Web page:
Originally Posted by Ghost
So long as it's summer and there is no skiing to be had, I'll share two other faults about epic.
1) the myth that folks had to spend years skiing on groomers before they had the skill to ski off-piste without struggling; this is just self-flattery. Sure folks fell a lot for their first few days off-piste, and sure it took them a while to be expert skiers, but many folks enjoyed off-piste (as in not marked on a trail map, seldom skied, and never groomed) skiing in their first season on skis.
2) The misrepresentation of someones argument proposing that hard-snow skis are the prefered tool for hard-snow skiing as an argument that soft-snow skis are not the prefered tool for soft-snow skiing.
I don't think #1 is a majority argument- it certainly is not what I believe. In fact, this is exactly why I get really exasperated with people turning up their noses at people skiing fatter skis, on groom, with less than perfect technique- the implication there is that the "correct" way to ski is to spend years on the groom to learn how to make perfect turns that will serve one off piste on those skinny skis. In my eyes, it is much better to put people into a position to go for it, and no, it doesn't take years, just a willingness to fall and try to learn.
For what it is worth, at this point I've spent about half my life skiing straight skis and half modern. From time to time I still take straight skis out, and not for just one run. I think I have a good grasp of the performance envelope, and I don't think it took years to go off piste, just falls and learning how to move the skis without rotating out of the bindings. At the same time, I'm not going to listen to people talking about carving 45* powder slopes on straight skis without jump turns. It just did not happen.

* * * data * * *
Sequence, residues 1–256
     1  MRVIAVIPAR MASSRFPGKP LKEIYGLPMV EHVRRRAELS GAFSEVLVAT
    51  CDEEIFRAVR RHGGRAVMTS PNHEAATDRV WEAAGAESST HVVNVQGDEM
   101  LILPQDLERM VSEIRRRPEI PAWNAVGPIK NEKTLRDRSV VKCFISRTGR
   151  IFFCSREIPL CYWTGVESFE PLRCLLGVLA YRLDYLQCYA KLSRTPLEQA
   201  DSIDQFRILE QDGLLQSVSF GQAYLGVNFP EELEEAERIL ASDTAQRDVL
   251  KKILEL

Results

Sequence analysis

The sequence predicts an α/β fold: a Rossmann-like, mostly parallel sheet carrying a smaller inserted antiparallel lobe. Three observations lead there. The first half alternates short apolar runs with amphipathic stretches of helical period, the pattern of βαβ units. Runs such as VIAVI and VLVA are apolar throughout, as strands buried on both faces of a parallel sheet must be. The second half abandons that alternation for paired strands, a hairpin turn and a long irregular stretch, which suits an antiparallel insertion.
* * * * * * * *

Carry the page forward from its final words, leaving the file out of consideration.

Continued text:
This doesn't mean it takes perfect skills to ski off piste on skinny stuff, but it takes better skills than a ski more purposefully designed for the job.
2. This is another argument that is not being made. I don't see many people skiing with fat skis on their feet and skinny skis on their pack, so they can switch out when they hit snow better suited for the other ski. When somebody makes a comment about how dumb it is to see fat skis on groomed snow (what I call the "tips flapping in the wind" statement because it usually includes that phrase), the part that stands out as stupid to me is that the person witnessing the fat skis on groom doesn't know what that skier was just skiing, where they will use those fat skis tomorrow, or how much time they spend on groom snow vs. off piste. Reminds me of the guy chronicled in the TGR gaper thread- October at Loveland, guy is laughing at the person on the chair in front of him for bringing a pair of Obsetheds to the WROD. The person skiing on the Obsetheds was in fact Seth Morrison. Pretty sure he knows what skis he would like to have on his feet.
When people argue these statements, they aren't saying hard snow skis don't work better on hard snow, they are ridiculing the person making the argument because they presume to know better than the skier what skis belong on their feet, while not really knowing anything about where and what they ski or want to ski.